Do not land here
Kevin Carter <<xckevinc>>
Making the most of my time on lockdown I came up with something
cool I thought was worth sharing.
Years ago an ace PG pilot Mike Jobin put together a KML file with a long list of
possible LZ's, and most importantly, do not land areas up and down the Colorado
Front Range. I made a quick converter to generate an Open Air Airspace file
from that data so I could load it on my Naviter Blade. Now I can see and avoid
the DNLs (do not lands) while exploring some of these routes for the first time.
Just in case my head is really far up my a-- anytime I'm in the air, I also set
Airspace altitudes so the warning alarms would alert only when appropriate.
Airspace floors were all set to SFC (surface). All the ceilings were set
proportional to the airspace size. I set the ceilings to SFC + width divided by
10 for a conservative 10 to 1 glide ratio. So if the alarm goes off for a big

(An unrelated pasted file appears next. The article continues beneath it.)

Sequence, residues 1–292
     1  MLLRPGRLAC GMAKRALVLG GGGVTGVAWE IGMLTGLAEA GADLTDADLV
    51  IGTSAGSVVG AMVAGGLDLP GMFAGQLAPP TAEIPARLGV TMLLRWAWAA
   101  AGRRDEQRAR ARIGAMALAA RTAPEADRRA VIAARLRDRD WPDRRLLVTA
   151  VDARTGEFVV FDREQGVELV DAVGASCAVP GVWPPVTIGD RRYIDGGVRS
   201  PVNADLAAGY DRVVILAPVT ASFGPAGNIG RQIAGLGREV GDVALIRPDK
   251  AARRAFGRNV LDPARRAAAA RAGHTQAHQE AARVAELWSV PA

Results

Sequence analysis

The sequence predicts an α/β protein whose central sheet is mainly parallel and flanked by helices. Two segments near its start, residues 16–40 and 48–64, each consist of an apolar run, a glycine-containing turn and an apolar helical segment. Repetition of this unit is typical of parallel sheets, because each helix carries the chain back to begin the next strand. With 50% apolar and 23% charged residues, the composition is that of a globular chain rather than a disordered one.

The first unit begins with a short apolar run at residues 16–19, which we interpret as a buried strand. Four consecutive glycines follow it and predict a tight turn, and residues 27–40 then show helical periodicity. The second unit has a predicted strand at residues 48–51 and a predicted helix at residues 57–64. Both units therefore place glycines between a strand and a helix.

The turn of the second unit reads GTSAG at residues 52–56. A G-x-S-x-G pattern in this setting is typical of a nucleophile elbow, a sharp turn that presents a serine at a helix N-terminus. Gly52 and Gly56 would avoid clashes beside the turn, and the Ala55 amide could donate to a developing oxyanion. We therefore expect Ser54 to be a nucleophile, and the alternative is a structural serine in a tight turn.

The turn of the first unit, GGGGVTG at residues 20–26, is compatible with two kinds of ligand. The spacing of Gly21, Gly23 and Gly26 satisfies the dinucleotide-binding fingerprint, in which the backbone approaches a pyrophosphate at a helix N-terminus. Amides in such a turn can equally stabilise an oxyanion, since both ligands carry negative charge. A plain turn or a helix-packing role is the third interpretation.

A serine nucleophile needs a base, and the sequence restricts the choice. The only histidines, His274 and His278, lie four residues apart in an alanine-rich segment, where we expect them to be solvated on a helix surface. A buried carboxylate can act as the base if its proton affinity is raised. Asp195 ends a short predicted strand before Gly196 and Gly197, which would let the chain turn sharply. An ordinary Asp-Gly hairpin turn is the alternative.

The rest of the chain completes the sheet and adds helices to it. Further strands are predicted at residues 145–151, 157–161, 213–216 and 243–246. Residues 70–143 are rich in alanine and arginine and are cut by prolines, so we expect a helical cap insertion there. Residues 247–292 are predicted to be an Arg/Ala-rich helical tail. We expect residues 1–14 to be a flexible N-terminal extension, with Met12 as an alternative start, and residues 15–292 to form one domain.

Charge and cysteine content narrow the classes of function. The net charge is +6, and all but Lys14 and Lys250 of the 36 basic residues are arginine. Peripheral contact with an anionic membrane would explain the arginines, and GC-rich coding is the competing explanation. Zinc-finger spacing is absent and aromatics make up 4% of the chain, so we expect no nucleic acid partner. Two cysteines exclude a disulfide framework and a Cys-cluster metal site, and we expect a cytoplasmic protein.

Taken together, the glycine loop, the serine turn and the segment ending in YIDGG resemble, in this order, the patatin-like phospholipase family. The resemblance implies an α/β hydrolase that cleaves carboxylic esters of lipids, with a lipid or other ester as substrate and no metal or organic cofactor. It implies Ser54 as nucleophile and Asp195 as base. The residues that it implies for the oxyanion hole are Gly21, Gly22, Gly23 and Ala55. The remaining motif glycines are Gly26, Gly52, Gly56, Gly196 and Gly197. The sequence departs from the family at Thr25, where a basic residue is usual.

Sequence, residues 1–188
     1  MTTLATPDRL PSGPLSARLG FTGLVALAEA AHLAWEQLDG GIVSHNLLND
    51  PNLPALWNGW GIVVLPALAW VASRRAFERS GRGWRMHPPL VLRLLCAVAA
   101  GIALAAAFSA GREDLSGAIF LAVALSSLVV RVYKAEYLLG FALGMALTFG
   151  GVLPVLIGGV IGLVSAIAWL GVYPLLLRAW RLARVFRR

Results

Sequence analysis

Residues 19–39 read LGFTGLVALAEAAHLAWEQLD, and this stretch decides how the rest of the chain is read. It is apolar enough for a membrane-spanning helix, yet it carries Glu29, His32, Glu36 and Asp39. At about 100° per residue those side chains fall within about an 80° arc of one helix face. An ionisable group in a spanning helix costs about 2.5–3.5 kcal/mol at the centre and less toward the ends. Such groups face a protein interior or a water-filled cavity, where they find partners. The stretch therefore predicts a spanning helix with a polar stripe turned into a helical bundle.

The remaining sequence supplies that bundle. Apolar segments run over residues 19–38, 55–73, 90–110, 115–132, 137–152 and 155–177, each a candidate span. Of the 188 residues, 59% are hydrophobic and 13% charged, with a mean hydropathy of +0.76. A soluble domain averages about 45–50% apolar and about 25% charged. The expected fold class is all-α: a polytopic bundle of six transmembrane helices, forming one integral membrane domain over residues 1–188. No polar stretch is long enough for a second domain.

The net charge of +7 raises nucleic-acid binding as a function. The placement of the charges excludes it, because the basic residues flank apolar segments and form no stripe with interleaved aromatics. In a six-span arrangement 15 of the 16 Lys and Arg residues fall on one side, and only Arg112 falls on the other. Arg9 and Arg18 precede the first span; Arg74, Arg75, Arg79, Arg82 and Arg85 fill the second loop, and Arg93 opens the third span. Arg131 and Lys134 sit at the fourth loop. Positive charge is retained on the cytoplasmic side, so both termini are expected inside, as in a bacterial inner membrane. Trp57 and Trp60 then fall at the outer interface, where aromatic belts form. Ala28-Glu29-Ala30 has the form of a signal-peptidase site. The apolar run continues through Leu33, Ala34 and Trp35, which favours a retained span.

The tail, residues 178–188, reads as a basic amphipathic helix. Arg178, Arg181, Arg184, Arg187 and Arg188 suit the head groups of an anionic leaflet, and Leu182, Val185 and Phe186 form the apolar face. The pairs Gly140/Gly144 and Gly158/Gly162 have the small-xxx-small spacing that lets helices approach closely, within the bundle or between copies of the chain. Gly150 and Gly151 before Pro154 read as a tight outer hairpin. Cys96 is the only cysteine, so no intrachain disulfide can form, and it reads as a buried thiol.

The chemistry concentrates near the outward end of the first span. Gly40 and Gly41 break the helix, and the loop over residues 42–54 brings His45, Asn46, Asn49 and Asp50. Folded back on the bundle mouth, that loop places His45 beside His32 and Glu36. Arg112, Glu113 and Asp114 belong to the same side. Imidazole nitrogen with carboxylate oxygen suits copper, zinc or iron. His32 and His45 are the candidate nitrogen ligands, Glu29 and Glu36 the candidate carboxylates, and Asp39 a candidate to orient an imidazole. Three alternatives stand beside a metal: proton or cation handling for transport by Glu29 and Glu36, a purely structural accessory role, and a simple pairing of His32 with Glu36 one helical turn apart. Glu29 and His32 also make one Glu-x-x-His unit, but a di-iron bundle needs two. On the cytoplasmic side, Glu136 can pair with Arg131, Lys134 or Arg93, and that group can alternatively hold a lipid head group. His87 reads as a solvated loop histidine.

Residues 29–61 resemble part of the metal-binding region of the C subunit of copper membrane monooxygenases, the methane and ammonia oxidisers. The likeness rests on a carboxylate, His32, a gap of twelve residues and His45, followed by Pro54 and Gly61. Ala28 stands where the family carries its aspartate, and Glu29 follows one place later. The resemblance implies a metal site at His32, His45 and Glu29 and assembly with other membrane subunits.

DNL area like our local state park, turn around because you won't be able to
glide to a good field out the other side! That is important here because in
most cases there isn't a clear visual indicator for those boundaries. Everything
is brown and looks landable. On the flip side, with altitudes set this way, you
don't hear a peep from airspace alarms when thermaling or gliding high over DNLs
that aren't a factor.
I included a screenshot of what it looks like on my map page. DNL's are defined
as type R in the Airspace file and I left that colored blue on my Blade.
Landable fields are defined as W which stands for wave window so I set my color
to green for those. Lastly, emergency PG only LZs are type Q and colored yellow.